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The first Chamber to be organized in the United States precedes the Declaration of Independence by eight years when the New York State Chamber began in 1768. Eight years later, the first local Chamber was formed in Charleston, South Carolina.

The Chamber was first known as “The Commercial Club” and was formed in Tulsa in 1902, which was renamed the Chamber of Commerce in 1915. In 1969, it became the Metropolitan Tulsa Chamber of Commerce, descriptive of its regional concern and updated in 2000 to the Tulsa Metro Chamber, and revised to the Tulsa Regional Chamber in 2012.


Less than 20 businessmen sat down to participate in the genesis of the Tulsa Commercial Club in 1903 in an effort to attract job-creators to the small community of Tulsa. The Tulsa Commercial Club would later be renamed the Tulsa Chamber of Commerce.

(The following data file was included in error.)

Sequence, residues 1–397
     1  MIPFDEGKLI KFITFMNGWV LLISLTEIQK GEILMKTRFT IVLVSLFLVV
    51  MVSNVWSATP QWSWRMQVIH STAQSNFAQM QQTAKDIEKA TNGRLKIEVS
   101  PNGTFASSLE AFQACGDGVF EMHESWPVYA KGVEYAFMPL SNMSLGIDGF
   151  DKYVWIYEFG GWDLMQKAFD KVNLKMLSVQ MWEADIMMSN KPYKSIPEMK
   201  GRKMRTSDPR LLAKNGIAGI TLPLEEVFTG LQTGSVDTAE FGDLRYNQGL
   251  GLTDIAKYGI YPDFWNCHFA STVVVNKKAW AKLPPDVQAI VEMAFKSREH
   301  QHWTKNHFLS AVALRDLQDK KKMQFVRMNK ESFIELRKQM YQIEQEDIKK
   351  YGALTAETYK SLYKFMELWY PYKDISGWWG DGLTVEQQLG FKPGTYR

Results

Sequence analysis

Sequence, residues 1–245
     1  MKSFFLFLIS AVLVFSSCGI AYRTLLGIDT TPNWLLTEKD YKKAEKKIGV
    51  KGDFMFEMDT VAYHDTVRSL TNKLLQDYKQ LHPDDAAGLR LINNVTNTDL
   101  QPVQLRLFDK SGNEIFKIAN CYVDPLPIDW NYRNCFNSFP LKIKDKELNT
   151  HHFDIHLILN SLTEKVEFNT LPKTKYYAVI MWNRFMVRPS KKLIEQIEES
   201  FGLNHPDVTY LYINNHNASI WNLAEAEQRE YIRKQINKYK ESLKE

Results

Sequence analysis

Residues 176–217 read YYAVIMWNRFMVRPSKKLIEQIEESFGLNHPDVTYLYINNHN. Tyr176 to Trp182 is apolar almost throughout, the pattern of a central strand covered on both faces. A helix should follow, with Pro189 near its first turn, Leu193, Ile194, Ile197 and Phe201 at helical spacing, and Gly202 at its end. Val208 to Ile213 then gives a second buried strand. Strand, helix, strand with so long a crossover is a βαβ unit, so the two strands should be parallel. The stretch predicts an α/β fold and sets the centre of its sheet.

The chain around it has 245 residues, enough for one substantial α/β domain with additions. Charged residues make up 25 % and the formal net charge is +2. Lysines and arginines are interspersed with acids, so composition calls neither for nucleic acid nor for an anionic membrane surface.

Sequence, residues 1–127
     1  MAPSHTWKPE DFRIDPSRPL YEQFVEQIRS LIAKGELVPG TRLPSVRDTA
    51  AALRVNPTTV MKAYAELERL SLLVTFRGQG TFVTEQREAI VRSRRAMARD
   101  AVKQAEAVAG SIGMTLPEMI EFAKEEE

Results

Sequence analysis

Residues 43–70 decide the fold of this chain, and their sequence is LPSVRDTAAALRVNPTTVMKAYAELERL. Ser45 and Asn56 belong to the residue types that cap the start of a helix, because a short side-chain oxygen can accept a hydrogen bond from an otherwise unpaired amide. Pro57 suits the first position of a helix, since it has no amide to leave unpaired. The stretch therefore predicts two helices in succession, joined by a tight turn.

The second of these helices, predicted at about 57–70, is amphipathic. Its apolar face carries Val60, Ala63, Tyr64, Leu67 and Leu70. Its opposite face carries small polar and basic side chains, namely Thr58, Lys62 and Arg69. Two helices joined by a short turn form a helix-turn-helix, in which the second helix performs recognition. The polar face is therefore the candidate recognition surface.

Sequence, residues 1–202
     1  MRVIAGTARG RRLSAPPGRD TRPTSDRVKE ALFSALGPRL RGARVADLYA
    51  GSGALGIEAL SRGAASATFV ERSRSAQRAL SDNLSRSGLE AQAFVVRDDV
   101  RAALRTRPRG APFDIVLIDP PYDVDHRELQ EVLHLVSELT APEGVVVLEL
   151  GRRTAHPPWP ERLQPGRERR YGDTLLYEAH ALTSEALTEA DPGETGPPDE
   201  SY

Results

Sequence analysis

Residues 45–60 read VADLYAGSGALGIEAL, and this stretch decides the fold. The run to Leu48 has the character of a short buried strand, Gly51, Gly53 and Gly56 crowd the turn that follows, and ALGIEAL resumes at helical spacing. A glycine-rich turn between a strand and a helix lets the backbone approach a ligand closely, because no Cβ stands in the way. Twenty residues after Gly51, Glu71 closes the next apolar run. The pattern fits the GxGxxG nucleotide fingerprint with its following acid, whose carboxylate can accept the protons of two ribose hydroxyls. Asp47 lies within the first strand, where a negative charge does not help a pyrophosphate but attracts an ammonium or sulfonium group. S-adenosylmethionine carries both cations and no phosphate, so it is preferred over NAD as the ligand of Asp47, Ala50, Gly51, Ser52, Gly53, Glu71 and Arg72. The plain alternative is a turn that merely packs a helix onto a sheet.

In February 1907, the Tulsa Commercial Club called a rare meeting at the Opera House, making an appeal to the general public to attend and pledge their purchase of stock in a corporation that would offer to manufacturers cheap natural gas and free building sites. The $99,700 in reported pledges built the foundation that would later make Tulsa the petroleum equipment-manufacturing center of the world.

The Tulsa Commercial Club’s board had the opportunity to acquire Muskogee’s Henry Kendall College. The board and the club’s members sold building lots on the edge of town to raise the necessary funds, guaranteeing what they couldn’t raise. The college settled on a piece of land “east of town,” and several years later would adopt a new name: The University of Tulsa.

As early as 1906 the Commercial Club began to foment for the creation of a suitable Tulsa water supply. By 1919 the problem was so evident that general support for a new water source was almost unanimous—but choosing the source caused one of the most divisive debates in Tulsa’s history. The argument was cost vs. quality, and the Chamber answered by assembling endorsements from 200 of its members for the (quality) Spavinaw water project. The Chamber endorsement was critical in persuading the City to call an election on the Spavinaw project—a vote that won approval.